Riggs will try a few times and then if there is not enough pressure will just give up and come back to me, he's in it for the fight and once it's just a game he doesn't care.
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Postby furever_pit » February 4th, 2010, 2:50 pm

Thanks for sharing your own observations about Riggs and Connor. I'm not really at a point to see how the esquive affects either of my boys because they are not at that point in their training.

I really appreciate y'all's input!
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Postby katiek0417 » February 4th, 2010, 4:27 pm

mnp13 wrote:After a few esquives and some pressure, some dogs just give up.

furever_pit wrote:I understand that many people do this as a way to slow down the dog on entry so that the contact is not as brutal when it is made.

I don't think the contact is the point here, the esquive ends up making the dog think on the entry. If they just go flying down field and launch, then the decoy moves and the dog moves. I've seen dogs launch from 10 feet out (including Connor) and after one or two misses the dog pays a lot more attention to where it is going. That does not necessarily mean they go slower or that the impact is less - they just are more alert to what they are doing and where the decoy is.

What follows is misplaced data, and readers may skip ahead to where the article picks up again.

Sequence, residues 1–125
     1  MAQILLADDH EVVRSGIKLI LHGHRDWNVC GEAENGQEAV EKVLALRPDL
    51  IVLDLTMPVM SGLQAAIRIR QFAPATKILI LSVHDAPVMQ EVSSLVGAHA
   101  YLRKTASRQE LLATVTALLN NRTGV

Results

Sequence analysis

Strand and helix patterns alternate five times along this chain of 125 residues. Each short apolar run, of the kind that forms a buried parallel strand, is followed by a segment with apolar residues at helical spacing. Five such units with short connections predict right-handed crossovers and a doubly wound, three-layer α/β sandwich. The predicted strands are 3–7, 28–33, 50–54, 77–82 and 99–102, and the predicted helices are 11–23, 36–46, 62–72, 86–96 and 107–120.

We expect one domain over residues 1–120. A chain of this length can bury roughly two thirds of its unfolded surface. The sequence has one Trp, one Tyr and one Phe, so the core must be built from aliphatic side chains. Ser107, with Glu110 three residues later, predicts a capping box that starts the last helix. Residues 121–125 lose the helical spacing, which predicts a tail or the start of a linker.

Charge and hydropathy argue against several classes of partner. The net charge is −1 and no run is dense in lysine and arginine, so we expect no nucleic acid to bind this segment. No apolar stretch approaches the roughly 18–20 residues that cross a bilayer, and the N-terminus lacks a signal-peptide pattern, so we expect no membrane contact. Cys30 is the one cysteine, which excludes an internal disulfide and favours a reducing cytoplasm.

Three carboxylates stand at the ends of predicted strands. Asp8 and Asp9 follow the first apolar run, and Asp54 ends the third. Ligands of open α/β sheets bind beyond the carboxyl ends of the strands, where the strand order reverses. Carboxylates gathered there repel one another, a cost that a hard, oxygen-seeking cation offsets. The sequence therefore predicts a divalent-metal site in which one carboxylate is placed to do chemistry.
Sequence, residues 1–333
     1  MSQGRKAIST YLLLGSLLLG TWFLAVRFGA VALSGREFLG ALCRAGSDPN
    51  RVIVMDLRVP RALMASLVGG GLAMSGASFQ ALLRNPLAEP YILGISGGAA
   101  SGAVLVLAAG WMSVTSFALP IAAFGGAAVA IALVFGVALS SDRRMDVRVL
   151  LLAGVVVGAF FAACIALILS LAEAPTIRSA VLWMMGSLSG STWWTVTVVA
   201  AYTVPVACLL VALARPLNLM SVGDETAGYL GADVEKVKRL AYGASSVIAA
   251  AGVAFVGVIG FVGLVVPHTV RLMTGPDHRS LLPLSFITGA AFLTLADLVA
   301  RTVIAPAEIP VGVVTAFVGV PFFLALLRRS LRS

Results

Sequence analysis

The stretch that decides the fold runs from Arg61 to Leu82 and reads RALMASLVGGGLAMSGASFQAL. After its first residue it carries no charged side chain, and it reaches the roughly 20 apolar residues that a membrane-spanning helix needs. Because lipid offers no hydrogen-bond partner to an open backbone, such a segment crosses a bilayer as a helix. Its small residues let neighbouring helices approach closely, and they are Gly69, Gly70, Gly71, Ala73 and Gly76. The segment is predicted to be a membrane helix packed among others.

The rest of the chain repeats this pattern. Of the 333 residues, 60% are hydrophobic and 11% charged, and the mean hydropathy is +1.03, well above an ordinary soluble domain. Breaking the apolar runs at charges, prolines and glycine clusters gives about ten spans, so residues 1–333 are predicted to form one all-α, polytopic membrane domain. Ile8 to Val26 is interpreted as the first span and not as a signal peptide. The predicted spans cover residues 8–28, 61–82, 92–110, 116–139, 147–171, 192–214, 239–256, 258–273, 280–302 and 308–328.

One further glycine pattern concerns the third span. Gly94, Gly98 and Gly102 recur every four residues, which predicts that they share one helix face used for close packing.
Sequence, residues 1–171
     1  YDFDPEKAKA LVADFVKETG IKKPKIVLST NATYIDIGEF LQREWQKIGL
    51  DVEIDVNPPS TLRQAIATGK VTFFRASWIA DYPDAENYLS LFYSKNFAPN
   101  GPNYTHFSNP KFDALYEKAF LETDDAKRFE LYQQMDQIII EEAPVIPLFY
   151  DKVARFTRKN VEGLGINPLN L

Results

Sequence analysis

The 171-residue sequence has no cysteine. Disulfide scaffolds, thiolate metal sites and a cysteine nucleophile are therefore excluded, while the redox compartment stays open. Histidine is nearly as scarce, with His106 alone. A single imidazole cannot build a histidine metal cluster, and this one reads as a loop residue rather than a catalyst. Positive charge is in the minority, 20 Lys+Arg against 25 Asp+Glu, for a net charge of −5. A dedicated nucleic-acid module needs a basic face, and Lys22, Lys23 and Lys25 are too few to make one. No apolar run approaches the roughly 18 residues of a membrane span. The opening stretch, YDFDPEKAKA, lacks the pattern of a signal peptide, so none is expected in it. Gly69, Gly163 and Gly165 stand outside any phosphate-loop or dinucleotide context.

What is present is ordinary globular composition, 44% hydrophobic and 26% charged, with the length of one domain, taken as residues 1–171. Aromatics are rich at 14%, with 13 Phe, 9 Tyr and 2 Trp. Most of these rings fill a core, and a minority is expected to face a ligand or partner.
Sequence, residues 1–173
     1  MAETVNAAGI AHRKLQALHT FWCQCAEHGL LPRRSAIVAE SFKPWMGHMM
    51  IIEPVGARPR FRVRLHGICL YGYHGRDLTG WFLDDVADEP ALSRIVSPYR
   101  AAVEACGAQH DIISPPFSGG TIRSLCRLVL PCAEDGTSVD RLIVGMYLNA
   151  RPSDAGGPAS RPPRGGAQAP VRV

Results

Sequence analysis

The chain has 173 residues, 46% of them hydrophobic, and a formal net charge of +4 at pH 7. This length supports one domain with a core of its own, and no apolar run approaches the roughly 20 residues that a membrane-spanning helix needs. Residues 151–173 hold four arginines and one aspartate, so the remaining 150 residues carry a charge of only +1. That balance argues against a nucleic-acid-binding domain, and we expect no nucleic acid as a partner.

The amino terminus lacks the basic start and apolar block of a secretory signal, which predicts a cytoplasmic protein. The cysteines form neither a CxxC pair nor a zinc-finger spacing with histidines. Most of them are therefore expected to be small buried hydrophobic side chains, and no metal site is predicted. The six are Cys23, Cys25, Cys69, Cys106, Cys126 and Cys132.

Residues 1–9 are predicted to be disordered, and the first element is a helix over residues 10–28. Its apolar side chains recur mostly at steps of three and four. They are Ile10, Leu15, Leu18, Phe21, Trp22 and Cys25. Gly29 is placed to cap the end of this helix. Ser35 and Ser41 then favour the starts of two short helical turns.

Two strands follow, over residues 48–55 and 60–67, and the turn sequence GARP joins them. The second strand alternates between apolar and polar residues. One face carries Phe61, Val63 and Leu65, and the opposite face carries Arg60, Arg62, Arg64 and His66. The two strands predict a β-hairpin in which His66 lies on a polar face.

Katrina - I don't think PSA decoys are allowed to esquive, correct? Why not?


PSA decoys are not supposed to equive...that is not to say it doesn't occur - either because of decoy misunderstanding or because the judge's instructions are to keep the dog from biting and they only know how to do that by esquiving...trust me...Cy has been esquived a few times...

Now, that being said, PSA promotes the bicep bite...most dogs in FR (where esquiving occurs) are leg dogs...not only are they leg dogs, but they often come high on the legs...one reason for this is because esquiving can screw up a dog's targeting. Dogs that get esquived learn to go more towards the center mass...the reason for this is because extremities move more than center mass...so the dog learns to compensate...so, in PSA, where you've got a dog going for the bicep, if they go center mass, they start to go to the chest area...and that can hurt a dog...severely...

And, I will say...when Cy has been esquived, he's like Connor...it ticks him off...
"Rumor has it, compulsion is evil."

Katrina
Sacha CGC - Dumb Lab
Nisha CGC, PDC, PSA TC, PSA 1 - Crazy Malinois
Drusilla SLUT- Pet
Nemo - Dual-Purpose Narcotics
Cy TC, PSA 1, PSA 2, 2009 PSA Level 3 National Champion
Axo - Psycho Puppy
Rocky - RIP My Baby Boy